One person calls it shame, the other calls it guilt. What’s the difference?
When discussing emotions with a friend, I tell her how I experience shame, but it is not the same emotion my friend describes when she experiences guilt. She doesn’t use the word shame to describe her feelings, and I don’t use the word guilt to describe mine. Why not? It’s likely that culture created the associations with those words that we both understand differently. I wanted to better understand what I was feeling, so I investigated the definitions.
Dictionaries tell us this:
Shame is a negative, painful social emotion resulting from what one does and how one thinks they should act in society. But even without action, simply existing is enough to feel shame. Though considered an emotion, shame can be considered a condition.
The root of the word shame come from “to cover” and is often associated with blushing.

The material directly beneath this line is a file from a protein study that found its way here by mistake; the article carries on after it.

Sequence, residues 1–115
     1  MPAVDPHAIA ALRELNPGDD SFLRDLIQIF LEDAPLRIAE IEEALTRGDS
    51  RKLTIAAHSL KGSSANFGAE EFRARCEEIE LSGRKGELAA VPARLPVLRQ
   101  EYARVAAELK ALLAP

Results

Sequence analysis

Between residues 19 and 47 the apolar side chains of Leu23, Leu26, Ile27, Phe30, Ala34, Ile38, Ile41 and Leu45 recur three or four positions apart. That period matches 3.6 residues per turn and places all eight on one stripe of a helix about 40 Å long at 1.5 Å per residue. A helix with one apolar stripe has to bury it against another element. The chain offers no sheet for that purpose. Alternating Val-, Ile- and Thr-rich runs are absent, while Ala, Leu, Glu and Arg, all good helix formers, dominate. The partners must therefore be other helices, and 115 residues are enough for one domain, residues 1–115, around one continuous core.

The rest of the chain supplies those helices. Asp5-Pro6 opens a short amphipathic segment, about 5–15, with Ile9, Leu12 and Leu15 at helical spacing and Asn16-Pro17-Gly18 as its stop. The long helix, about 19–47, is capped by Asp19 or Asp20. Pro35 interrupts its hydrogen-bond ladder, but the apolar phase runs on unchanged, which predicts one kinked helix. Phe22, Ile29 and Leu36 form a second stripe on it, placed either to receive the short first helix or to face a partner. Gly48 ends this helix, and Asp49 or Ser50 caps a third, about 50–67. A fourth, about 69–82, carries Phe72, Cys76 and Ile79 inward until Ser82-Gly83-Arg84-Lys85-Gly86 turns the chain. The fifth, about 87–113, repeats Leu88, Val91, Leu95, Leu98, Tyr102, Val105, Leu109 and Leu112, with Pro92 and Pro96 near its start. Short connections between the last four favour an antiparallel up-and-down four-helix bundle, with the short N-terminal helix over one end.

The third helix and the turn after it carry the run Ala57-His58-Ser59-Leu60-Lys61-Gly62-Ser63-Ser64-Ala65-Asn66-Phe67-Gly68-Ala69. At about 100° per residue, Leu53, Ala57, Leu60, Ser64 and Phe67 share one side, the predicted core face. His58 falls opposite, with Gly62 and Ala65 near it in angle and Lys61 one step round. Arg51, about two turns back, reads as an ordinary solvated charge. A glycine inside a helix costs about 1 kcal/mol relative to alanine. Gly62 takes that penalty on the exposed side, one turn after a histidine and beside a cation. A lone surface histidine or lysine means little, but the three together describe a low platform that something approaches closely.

Guilt has a range of definitions, such as an emotion that a person feels when they have violated a moral standard, remorse for some wrong. Guilt has multiple definitions from the law, as well.
The root of the word guilt is based in the legal system.
I’m talking about bone deep ashamed for being alive. She’s talking about feeling bad for things she’s done in her life. They really aren’t the same.
Regardless of what we call negative emotions, they are painful and have to be managed before getting out of control.
I am teaching myself to catch what I call shame as early as I recognize it. I know the emotion is toxic and very painful.
If I start feeling bone deep dread for breathing or being alive, that is my interpretation of shame. I close my eyes, breathe, and try to go into a warm light behind my eyes for a moment. If I’m driving, I have to pull off the road and park my car for five minutes, center myself and let go of the toxic emotion that runs so deep inside of me. I have success with this technique, and the negativity doesn’t last as long as it used to.
I’m not sure what my friend does when guilt comes into her mind, but it’s good to know there is a difference between the words and emotions, and I am relieved that I can explain it to myself.